Tent Setup Tips

  • Set up your tent correctly with proper tension. A nice taut tent body that is staked and guyed out well will prevent water from pooling and let the fabric breath.
  •  Pitch your tent away from bodies of water.
  •  Set up your tent on high ground where it is more likely to see some wind. As a rule of thumb, if the wind is roaring outside, pitch the shortest end of the tent into the wind to take advantage of aerodynamics. If conditions are calmer, face the largest vents or mesh areas into the wind so there is good cross ventilation.
  •  Use windows, doors, and vents to achieve optimum airflow. Create a passive “high-low” air flow system where cool air enters from ground-level vents and hot air is expelled through roof levels openings.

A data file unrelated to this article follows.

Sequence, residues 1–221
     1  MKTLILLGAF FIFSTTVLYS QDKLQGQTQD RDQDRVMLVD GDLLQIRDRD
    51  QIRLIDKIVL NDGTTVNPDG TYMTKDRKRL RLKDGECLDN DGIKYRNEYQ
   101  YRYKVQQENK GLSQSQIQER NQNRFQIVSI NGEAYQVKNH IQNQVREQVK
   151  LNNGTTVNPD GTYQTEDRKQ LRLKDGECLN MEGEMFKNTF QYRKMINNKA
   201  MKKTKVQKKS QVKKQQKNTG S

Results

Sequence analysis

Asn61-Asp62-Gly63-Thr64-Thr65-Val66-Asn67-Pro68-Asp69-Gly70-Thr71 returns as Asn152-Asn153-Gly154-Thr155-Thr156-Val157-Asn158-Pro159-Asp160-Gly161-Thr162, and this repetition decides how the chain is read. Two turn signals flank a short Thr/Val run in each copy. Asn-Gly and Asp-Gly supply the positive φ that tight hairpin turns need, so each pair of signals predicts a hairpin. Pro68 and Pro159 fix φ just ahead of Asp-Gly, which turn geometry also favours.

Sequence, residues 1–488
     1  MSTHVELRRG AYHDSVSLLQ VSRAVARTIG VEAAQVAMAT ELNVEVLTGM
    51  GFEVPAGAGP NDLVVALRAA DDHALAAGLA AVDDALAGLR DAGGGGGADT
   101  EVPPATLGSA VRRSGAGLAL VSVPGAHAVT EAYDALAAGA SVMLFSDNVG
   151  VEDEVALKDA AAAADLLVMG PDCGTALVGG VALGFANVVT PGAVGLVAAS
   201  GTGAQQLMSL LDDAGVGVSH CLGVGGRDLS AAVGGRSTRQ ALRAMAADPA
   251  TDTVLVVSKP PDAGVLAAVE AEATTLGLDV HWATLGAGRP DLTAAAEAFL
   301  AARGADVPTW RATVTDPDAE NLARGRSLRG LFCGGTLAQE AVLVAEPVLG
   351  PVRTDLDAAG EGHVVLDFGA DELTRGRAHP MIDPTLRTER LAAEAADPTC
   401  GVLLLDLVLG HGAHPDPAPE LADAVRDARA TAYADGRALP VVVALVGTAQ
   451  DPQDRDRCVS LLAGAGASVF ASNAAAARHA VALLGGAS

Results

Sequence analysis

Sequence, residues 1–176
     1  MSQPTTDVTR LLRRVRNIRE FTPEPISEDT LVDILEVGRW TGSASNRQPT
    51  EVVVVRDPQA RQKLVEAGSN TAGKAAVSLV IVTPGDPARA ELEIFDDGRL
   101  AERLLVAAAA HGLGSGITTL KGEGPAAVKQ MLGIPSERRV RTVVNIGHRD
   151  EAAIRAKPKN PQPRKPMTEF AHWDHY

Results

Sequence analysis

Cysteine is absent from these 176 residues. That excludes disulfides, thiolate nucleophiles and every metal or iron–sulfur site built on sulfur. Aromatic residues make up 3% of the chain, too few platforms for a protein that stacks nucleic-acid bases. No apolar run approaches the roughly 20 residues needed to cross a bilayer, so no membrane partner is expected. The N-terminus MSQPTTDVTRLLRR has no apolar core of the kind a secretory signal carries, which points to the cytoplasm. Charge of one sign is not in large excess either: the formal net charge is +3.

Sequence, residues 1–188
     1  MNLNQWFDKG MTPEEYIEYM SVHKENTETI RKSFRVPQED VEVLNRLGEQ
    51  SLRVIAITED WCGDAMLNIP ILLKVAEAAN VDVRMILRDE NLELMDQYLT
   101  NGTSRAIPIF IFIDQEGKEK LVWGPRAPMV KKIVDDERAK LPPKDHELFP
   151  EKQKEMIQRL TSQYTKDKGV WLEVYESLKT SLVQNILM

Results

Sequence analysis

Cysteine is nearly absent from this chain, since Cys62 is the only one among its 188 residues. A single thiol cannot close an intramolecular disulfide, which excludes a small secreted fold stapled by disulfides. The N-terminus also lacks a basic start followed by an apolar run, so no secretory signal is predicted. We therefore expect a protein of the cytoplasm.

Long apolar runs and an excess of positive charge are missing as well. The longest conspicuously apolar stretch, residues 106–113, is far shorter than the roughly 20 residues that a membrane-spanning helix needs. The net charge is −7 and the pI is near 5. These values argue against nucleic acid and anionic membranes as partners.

•  Avoid keeping your wet gear inside the tent to dry.
  •  If there is condensation on your walls when you wake up in the morning, wipe down the interior or shake off the moisture before packing up the tent. Resist the urge to throw your gear in the corner until your next trip — hang up the tent in a dry, well-ventilated area or be prepared to face the wrath of mold and mildew your next time out.


Gogo™ Elite

Gogo 5

• The LIGHTEST AND SMALLEST packing shelter in NEMO’s entire line.

• Uses NEMO’s revolutionary AIRSUPPORTED TECHNOLOGY® to inflate the airbeam structure in seconds.

• CONSTRUCTED FROM OSMO™ ELITE W/B, one of the lightest waterproof/breathable tent fabrics on the market that enables water vapor to be transported out at an incredible rate

[toggler title=”Specs ” ]